It can happen to any South Carolina worker regardless of age, race, ethnicity, or any other characteristic: one moment you are doing your job as you have been trained to do and the next moment you are reeling in pain from a serious workplace injury. You notify your employer, seek medical attention for your injuries, and follow the doctor’s orders. Much to your surprise (or perhaps horror) you receive notification your employer’s workers’ compensation insurer is denying your claim for benefits. “Why would they do this?” you ask yourself. More importantly, what can you do about it?
Why a Workers’ Compensation Insurer May Deny Your Claim
It may seem unbelievable that a workers’ compensation insurer would deny the compensation claim of an employee. But this happens with regularity. A workers’ compensation insurer is just like any other insurance company in that they make money when they take in more through premiums than they pay out in compensation. Your employer’s workers’ compensation insurer may attempt to deny your claim or the claims of other workers as a way of cutting costs and reducing expenses. Common reasons these insurance workers may give include:
- You are not an “employee” under the law and thus not entitled to compensation;
- You did not suffer any injury;
- Even if you suffered an injury, you suffered no loss that can be compensated; or
- A preexisting injury or condition is to blame for your injuries and losses.
How to Fight Back Against a Difficult Workers’ Compensation Insurer
If your employer’s insurer is denying or claim or otherwise refusing to pay you the benefits you are due, you may try to handle the situation yourself. After an accident resulting in injury, however, you may not be in any condition to negotiate with the insurer. Most people in such a situation find the assistance of a workers’ compensation attorney to be helpful.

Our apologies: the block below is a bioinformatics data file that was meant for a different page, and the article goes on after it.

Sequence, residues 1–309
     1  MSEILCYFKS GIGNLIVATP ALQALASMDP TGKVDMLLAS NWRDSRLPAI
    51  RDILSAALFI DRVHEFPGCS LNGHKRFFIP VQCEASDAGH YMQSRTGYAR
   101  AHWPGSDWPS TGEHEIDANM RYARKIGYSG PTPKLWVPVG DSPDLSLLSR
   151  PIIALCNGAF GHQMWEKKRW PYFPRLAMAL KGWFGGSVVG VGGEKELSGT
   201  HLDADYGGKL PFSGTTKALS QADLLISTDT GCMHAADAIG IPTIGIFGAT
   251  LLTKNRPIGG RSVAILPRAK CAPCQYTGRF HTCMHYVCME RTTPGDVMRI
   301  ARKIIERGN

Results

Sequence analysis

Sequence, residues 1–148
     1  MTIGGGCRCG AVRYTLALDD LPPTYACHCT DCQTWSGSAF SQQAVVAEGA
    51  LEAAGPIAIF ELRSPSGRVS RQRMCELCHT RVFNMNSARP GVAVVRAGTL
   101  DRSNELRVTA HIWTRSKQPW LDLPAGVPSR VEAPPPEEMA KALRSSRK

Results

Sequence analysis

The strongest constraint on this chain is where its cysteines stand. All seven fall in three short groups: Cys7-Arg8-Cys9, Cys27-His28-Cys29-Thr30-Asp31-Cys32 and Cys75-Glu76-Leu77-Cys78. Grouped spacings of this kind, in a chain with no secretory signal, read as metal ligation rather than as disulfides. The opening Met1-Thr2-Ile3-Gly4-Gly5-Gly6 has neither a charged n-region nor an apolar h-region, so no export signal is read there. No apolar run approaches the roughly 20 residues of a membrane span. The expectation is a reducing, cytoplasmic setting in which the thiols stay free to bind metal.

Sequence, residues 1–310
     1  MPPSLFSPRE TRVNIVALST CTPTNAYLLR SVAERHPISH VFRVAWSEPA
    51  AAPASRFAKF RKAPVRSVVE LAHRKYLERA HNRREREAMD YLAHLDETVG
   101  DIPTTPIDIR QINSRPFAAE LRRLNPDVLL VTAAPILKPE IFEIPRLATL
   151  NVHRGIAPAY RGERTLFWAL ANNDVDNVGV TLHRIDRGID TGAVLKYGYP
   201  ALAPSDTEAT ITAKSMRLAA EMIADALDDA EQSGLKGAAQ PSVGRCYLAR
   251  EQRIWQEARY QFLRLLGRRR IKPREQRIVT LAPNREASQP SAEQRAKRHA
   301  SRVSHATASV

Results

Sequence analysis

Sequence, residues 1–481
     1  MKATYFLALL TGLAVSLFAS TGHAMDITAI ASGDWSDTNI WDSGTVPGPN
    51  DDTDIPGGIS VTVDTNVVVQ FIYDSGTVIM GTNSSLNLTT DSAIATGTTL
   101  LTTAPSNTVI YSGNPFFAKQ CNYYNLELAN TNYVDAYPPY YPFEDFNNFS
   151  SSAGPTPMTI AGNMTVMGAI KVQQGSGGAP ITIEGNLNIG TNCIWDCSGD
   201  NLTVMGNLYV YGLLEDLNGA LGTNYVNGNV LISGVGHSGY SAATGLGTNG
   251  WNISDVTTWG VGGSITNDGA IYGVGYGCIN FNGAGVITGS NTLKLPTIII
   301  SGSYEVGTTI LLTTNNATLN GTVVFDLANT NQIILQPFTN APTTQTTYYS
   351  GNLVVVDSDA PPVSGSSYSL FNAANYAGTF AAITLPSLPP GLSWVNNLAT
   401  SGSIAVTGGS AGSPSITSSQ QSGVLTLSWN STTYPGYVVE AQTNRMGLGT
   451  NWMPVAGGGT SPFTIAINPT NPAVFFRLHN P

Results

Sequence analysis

Whether you hire an attorney or not, you may increase your chances of having your claim eventually improved by:
- Seeking a second opinion if the insurer denies your claim after you visited with their doctor. You may need to pay for the second opinion yourself, at least initially. This doctor can confirm the existence of injuries of the type and severity you claim. You should be sure that the doctor who performs the second evaluation has access to your medical history and records so that he or she can rule out any pre existing conditions.
- Consult with industrial workplace accident experts. Your attorney may know of such experts who can evaluate the facts of your case and testify whether your injuries are consistent with that type of workplace accident.
- Be persistent. The insurer will likely be hoping that you are in need of compensation immediately so that you will settle your case quickly for a less amount of money. The longer you are able to hold out, the more costly your case becomes for the insurer and, in most cases, the more willing the insurer will become to settle your case.
South Carolina workers’ compensation attorney David R. Price, Jr. is committed to helping injured South Carolina workers recover the compensation they need following a workplace accident. Contact him today for assistance by calling (864) 271-2636.
David Price is a Personal Injury, Civil Litigation, Collections, and Criminal Defense Attorney who practices in Greenville, SC. He graduated from the University of Georgia School of Law, and has been practicing law for 12 years. David Price believes in helping those who have been injured. Learn more about his experience by clicking here.